Stop Making Capitalism was a particularly well-attended conversation focused around some of the following questions:


  • How do we resist power-over dynamics by building power-with each other?
  • In our workplaces, neighborhoods, communities, schools: What are examples of resistance right now? (i.e. walkouts, strikes)
  • What leverage do we already have and what leverage can we create?
  • How can we encourage the conversation to go beyond the local to broader connections?

solidarity 2

As co-directors of the Anarres Project, Tony Vogt and I were tasked as being the facilitators for the second discussion about imagining a better world. We met beforehand and drew up a few questions to help structure the dialogue. Our conversations was built around these ideas:


  • Are there examples of people coming together to form a better world in your community, region, union, movement, neighborhood? (Examples of not just resistance but alternative building)


  • In building a better world, what sort of continuity with the current world would you want to keep and build on, improve, reform? Does a better world have to be built by rejecting the status quo or can it be built within the shell of the old?


  • Who are the allies in building the better world you imagine and why are they allies?


Our conversation was a bit smaller than Stop Making Capitalism: there were about 10 individuals, ranging from Boomers to Generation Z (many of them members of Democratic Socialists of America).


Examples of Alternative Building

Someone started by bringing up the example here of the movement in Oregon to legislate universal health care. The idea behind this struggle, it was explained, was to create social programs that would take care of residents, freeing up money from other programs devoted to incarceration, for instance. A result of this would be to renew trust in the state as an institution that works for the people.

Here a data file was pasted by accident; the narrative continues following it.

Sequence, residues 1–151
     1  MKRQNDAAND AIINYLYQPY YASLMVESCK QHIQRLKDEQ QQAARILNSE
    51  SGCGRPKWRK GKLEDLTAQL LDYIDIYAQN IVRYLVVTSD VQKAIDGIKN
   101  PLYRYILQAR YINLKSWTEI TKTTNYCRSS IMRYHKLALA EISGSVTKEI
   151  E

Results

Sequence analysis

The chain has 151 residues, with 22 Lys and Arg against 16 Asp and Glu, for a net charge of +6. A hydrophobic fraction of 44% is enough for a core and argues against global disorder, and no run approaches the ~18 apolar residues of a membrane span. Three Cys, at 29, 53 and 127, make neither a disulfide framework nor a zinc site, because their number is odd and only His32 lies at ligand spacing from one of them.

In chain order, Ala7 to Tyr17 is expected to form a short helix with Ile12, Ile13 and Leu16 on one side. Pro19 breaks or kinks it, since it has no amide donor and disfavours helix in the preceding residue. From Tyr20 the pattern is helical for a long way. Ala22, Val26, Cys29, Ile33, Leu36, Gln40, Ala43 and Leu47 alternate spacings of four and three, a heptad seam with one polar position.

Other individuals immediately questioned whether building trust in the state was something to spend time and energy on. They offered examples of creating worker and housing cooperatives, instead.


When we asked the group to think of any projects in existence that inspired them in alternative building the Rojava Revolution immediately came to the mind of several. It seems clear that this example is to younger folk what the Zapatistas were to previous generations. Several mentioned they were inspired by the idea of municipal democracy and working at local city levels (Bookchin libertarian muncipalism ideals filtered through the news of Rojava)


Continuity with the Old

When asked whether building a better world had to be premised on the idea of something like a slate cleaning revolution that would wipe away all vestiges of the old world, or on reform that would improve on the deficiencies of the old world, the discussion participants turned right away to the question of the market. How would a new and better world distribute goods and services?


Most seemed to agree that an economy driven by profit had to be eliminated, but were not sure that a market economy had to be profit motivated. Was it possible to have a social welfare capitalism as a goal for a better world?


Participants quickly realized that any projects for envisioning a better world had to deal with the limit of ecological crisis. No economy was going to work that did not factor in resource depletion and climate change. The conversation quickly changed to the realization that there were going to be many lifestyle sacrifices—there was long discussion about what it was going to be like to not be able to get certain produce and food items any longer.